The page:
How can I possibly consider the Mac to be like BlackBerry? After all, the BlackBerry brand died a slow and agonizing death over many years, while the Mac just reigned in another quarter of record sales.
We all know we’re moving rapidly into a mobile technology world and whatever existed among computer users in the past– desktop PCs and notebooks, I’m looking at you– are slowly becoming relics of the past, the cars that are being turned into slickly appointed pickup trucks, but trucks nonetheless. Can the Mac become the BlackBerry?
Numbers Can Lie
By most accounts, and Apple seems to be the only company capable of divulging sales numbers these days, the Mac is doing well. Sales are at record levels. Again. But even in the Mac line, the shift toward mobile is apparent, with around 75-percent of Mac sales going to the MacBook and MacBook line, not the desktop iMac or Mac Pro, both of which are languishing and drifting away from frequent updates.
It’s a sign of the times. Mobile is where it’s at. Nearly 70-percent of Apple’s revenue and profits come from the iPhone. The Mac is yesterday’s news. But still sells at record unit levels. What’s going on?
The BlackBerry effect.
Alright. Let me re-phrase that as a question. “Could it be the BlackBerry effect?” No, that’s not a thing, though it should be. BlackBerry is just one of many companies in technology that were doing great one day– absolutely stellar financial performance– only to start a long, slow, and then dramatic decline into obscurity. Remember Nokia? Same thing. The brand of both tech giants remains, but are mere hollowed out shells of their previous selves because they could not change fast enough to keep up with a sea change in the smartphone market; started by the iPhone in 2007 (so it’s not like they couldn’t see it coming, right?).
Analyst Horace Dediu has a great graph which pictures BlackBerry’s rise and fall but only back to 2013. Since then, the company is no longer the same, the brand was sold off to a Chinese manufacturer which resurrected it into the Android hive.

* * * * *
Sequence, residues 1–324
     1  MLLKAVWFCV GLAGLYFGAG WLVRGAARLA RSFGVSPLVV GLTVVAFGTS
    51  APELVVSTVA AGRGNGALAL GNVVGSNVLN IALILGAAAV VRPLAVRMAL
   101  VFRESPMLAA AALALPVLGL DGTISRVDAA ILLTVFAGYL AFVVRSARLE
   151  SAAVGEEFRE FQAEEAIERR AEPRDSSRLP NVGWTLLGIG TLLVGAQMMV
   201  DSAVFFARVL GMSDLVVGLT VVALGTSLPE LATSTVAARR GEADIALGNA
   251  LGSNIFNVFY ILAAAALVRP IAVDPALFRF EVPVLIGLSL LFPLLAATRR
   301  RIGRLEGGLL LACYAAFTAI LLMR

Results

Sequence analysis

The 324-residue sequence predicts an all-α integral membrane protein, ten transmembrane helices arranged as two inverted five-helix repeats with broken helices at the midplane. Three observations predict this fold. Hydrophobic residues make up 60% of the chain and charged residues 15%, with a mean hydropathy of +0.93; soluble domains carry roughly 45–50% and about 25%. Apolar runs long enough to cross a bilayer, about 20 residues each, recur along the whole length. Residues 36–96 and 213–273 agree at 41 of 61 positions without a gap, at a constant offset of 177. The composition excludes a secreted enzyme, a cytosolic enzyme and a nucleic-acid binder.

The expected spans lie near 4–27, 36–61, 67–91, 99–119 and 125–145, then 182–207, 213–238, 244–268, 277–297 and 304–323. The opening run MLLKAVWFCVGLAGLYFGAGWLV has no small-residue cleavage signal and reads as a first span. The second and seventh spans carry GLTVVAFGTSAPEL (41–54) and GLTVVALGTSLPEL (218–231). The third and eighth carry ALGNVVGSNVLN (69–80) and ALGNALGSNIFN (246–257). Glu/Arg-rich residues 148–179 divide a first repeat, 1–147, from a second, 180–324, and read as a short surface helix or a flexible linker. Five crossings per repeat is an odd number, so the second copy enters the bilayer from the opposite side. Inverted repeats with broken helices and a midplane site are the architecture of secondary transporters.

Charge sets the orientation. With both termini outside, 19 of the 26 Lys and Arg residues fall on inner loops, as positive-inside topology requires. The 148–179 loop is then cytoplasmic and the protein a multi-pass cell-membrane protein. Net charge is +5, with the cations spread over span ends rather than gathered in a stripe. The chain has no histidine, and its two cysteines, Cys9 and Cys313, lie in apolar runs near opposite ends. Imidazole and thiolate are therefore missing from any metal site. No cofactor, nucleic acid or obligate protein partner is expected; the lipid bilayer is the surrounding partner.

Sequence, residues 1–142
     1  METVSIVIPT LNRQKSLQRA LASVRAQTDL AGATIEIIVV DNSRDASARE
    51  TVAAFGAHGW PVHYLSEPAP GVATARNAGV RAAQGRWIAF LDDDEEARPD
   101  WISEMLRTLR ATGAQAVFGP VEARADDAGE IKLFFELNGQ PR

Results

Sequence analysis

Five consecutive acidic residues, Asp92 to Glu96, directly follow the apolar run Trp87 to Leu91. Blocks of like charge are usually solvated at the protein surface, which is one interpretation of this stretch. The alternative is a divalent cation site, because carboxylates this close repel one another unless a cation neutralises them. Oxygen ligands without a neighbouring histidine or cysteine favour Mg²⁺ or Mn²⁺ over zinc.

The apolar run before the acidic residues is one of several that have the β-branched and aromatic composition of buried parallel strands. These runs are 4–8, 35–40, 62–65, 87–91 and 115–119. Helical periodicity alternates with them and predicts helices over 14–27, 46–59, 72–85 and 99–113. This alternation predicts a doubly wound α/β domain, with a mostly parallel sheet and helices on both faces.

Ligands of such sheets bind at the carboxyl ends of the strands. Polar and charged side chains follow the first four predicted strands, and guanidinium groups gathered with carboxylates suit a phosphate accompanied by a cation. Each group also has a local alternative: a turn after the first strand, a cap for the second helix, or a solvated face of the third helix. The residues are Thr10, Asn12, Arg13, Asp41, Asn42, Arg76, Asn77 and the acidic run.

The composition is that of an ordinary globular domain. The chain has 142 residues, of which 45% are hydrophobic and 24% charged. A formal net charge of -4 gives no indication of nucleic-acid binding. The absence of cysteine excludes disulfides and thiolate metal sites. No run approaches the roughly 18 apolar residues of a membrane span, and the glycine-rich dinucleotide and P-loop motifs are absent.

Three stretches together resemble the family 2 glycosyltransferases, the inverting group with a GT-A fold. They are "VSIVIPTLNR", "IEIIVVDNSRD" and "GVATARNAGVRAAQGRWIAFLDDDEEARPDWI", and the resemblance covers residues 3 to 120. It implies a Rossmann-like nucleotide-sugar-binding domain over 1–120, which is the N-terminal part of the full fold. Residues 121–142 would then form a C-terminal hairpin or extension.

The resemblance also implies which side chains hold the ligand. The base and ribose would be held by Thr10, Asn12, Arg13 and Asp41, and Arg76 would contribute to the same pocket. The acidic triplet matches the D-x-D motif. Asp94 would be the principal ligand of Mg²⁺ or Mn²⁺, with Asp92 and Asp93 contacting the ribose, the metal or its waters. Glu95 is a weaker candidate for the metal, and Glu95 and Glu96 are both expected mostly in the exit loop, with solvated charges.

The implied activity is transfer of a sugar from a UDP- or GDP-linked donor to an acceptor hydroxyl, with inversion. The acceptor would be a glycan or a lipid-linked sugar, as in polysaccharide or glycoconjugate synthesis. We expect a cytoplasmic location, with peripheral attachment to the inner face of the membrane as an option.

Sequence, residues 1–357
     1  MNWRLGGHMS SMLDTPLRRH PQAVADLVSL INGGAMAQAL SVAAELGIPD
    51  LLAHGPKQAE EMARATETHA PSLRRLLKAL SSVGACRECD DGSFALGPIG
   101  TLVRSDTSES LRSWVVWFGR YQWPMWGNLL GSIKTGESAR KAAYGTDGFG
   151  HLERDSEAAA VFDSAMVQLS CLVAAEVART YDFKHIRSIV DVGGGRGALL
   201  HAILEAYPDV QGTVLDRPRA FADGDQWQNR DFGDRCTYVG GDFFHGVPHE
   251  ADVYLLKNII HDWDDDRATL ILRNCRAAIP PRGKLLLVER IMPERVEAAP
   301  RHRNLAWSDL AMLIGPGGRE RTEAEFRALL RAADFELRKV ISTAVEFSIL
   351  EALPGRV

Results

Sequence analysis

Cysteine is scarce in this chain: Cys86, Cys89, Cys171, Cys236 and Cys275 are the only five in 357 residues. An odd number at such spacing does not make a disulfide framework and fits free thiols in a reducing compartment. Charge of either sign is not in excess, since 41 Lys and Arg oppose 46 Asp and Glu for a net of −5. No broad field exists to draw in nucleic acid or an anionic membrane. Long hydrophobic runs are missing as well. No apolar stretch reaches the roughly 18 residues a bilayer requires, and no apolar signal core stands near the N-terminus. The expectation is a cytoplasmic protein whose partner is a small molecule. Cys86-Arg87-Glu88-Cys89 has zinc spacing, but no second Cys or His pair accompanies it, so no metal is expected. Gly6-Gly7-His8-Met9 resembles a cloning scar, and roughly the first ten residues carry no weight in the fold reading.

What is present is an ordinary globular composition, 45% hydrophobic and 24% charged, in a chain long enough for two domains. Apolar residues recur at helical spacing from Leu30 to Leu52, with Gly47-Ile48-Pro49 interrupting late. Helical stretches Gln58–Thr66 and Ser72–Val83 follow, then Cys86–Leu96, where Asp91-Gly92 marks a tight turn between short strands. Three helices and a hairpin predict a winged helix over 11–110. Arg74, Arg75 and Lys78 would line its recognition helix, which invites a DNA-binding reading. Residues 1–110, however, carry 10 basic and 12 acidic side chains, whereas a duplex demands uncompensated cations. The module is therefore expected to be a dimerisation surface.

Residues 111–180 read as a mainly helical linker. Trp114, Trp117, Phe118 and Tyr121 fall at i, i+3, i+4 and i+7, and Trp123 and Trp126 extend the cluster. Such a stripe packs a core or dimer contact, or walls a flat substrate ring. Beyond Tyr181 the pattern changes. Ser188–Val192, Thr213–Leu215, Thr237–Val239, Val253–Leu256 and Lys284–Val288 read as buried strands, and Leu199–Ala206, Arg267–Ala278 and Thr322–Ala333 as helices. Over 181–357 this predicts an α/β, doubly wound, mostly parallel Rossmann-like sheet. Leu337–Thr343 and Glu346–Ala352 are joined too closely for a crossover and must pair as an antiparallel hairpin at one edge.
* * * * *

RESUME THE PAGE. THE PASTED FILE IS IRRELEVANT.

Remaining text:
The numbers are stunning because BlackBerry had record sales for years after the iPhone came online. The Mac is not the BlackBerry. But it could be.
On Replacing The Mac
What happened in the smartphone industry that derailed BlackBerry? Could something similar– or, is something similar– happen to derail the Mac?
BlackBerry suffered and then failed because the company failed to see the threat the iPhone and Google’s Android OS brought to the industry. Hey, sales were at record levels quarter after quarter. What? Me worry? It was as if Alfred E. Neuman was running BlackBerry. The changes in the market were obvious to many, but not to those running BlackBerry, Nokia, Microsoft, and others.
It may have seemed like slow motion, but sometimes a change in technology can move swiftly through the market. Fortunately, the Mac does not have an iPhone-like or Android-like competitor?
Or, does it?
The one area of personal computers that is showing some growth is at the low end and it’s not because of cheap prices. Chromebooks are hot sellers because what they do, they do very well, and just as the iPhone was the antithesis of BlackBerry and Nokia, the Mac is at the opposite end of the scale from ultra cheap, Linux-based notebooks. 2017 might just be the year of Linux on the desktop, but not Linux distros as much as very inexpensive and more capable Chromebooks.
Can a $500 Chromebook replace a Mac? Yes. And, no. Because it depends on what that Mac is doing. If it’s the heavy lifting of Office or Photoshop or other such professional level applications or suites– Final Cut Pro, Logic Pro, or even iMovie and Garageband come to mind– then, no. Not at all. But for what many tens of millions of personal computers need– writing, browsing, music, photos, utilities, and a few games– a Chromebook is just the ticket. Fast enough. Cheap enough. Secure enough. And, thanks to the new generation which also runs many Android apps, packed with little utilities that do what can also be done on their Android smartphones. This is not Windows vs. the Mac. This is a slow and steady sea change in the personal computer industry that Google wrought with a free operating system. For now, Windows is being hurt even more than the Mac.
Chromebook’s rise in capability and competitive stature indicates the Mac has a weak spot, and over time it could erode those record sales and industry leading gross margins, just as BlackBerry hit record sales for years, then followed it up with few changes in the product line designed to compete with iPhone and Android smartphones, and sales started to fall and never improved. Yes, Apple could do without the Mac and hardly anyone would notice the difference in the balance sheet or P&L.
We could ask, “What is Apple doing to make sure the user base continues to grow in number, and competes effectively with growing threats like Chromebooks?” Just as BlackBerry and Nokia could not compete on ease of use, features, and applications from the iPhone and Android, Apple cannot compete against steadily improving Chromebooks on price alone.
The Mac could be Apple’s new BlackBerry. That’s why I worry.